<%@Import Namespace="Peter.Toybox" %>
<%@Import Namespace="System.Data" %>


The @Register directive is a powerful tool used for dynamically creating tags that represent your User controls.

WHAT? Can you repeat that in English?

First let me say that the next chapter shreds through User control in depth. We'll cover them from soup to nuts but for now try to remember that they are like Server-Side Includes except much cooler.

Let's imagine I create User controls for my site that will be used as my page's header and footer. These files will have an .ascx file extension to identify them as User controls. The @Register directive allows me to create a tag name and tag prefix with which my controls are associated, and it allows me to drop my User controls into my page with a single simple tag. I will call my header header.ascx and my footer footer.ascx for this example.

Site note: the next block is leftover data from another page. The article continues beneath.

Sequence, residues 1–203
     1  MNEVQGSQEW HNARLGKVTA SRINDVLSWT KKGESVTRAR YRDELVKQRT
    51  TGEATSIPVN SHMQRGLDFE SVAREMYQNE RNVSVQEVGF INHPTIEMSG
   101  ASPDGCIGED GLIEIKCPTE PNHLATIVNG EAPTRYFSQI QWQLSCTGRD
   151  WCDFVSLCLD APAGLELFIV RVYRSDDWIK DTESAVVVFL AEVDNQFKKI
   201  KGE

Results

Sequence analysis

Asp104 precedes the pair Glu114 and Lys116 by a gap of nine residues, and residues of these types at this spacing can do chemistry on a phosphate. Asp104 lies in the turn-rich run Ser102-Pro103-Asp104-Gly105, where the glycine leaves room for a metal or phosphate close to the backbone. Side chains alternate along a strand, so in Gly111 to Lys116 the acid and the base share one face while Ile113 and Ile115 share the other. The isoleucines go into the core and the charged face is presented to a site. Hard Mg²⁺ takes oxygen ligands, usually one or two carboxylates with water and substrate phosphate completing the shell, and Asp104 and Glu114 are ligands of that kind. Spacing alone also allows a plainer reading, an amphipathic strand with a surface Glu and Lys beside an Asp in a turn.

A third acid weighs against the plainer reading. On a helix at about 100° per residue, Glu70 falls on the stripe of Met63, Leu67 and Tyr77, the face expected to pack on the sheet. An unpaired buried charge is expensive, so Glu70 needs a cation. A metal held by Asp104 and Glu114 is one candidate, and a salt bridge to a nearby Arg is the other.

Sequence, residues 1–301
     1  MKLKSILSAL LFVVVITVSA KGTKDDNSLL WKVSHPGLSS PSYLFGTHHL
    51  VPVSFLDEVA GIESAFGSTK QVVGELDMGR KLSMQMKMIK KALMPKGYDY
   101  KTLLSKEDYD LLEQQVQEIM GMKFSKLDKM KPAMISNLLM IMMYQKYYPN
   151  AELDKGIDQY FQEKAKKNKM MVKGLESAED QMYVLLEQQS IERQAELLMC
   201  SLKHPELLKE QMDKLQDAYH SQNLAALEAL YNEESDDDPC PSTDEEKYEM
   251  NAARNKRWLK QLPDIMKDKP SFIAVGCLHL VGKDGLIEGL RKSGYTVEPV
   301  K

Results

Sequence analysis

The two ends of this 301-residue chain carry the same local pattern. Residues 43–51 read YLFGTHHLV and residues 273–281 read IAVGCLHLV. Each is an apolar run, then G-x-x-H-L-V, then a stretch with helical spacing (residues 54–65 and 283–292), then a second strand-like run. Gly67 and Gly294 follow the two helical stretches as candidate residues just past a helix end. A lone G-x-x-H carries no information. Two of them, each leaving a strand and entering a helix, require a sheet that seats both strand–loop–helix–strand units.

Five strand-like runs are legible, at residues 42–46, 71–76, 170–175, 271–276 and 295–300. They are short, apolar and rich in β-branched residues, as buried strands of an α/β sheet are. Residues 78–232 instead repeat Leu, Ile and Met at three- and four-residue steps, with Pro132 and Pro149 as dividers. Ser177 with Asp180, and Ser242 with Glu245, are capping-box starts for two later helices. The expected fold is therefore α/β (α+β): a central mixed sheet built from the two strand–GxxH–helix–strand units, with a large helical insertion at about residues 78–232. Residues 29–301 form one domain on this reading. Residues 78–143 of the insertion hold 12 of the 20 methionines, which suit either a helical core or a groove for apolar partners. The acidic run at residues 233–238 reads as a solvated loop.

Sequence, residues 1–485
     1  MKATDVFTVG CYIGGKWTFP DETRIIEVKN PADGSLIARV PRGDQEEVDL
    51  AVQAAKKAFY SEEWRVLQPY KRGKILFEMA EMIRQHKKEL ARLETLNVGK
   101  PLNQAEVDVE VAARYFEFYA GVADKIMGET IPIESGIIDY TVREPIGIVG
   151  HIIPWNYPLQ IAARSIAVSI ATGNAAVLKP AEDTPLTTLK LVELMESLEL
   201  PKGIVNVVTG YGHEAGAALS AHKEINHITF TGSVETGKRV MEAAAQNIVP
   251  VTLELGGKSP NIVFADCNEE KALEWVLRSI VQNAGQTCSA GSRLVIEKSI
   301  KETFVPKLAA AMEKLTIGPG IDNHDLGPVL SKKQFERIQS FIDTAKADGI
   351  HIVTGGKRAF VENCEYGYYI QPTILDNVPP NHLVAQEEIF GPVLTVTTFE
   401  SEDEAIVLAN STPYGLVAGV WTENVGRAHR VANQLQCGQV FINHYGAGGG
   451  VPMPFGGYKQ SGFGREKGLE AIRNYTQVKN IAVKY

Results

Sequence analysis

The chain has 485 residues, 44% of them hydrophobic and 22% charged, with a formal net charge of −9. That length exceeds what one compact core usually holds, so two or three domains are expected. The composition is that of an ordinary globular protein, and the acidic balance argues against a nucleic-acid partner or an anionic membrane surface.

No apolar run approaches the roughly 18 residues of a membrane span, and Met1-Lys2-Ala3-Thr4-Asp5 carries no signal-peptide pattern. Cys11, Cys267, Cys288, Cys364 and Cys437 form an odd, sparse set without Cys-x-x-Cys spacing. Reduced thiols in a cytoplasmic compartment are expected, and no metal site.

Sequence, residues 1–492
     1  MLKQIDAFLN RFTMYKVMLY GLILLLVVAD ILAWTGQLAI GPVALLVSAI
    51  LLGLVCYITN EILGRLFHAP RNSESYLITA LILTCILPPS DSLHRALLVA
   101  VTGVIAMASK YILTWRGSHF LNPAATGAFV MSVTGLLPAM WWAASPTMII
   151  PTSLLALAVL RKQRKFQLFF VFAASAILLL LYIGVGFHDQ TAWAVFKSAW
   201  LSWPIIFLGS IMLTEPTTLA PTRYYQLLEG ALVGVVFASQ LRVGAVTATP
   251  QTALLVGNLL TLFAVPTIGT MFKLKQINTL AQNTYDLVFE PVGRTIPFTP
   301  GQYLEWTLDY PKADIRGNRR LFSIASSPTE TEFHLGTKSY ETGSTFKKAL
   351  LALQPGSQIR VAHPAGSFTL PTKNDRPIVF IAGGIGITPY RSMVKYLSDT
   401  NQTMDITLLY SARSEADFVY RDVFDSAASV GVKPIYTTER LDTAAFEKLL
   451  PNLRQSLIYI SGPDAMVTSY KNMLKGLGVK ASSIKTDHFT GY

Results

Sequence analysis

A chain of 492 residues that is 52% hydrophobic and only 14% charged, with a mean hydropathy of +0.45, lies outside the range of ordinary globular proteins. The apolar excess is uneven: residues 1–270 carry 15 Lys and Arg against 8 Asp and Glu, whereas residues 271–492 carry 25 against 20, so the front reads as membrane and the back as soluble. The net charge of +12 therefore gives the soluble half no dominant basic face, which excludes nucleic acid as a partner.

<%@Page Language="vb" runat="server"%>
<%@Register TagPrefix="OurTag" Tagname="Header" Src="header.ascx"%>
<%@Register TagPrefix="OurTag" Tagname="Footer" Src="footer.ascx"%>
<OurTag:Header id="OurHeader" runat="server"/>
Here is our pages content 
<OurTag:Footer id="OurFooter" runat="server"/>

As you can see, I assign a TagPrefix, Tagname, and Src to define what file I'm attaching to TagPrefix:Tagname. As you can see, the TagPrefix and Tagname are separated by a colon. The TagPrefix can be used as many times as you want, and is set up this way so you can easily identify your own tags within your code. It's a simple yet powerful way to use User controls.

You can see how these different directives help you to shape and form your ASP.NET pages and control how they look, act and feel to your end user. We will be exploring and using in more abundance as time and this book progresses.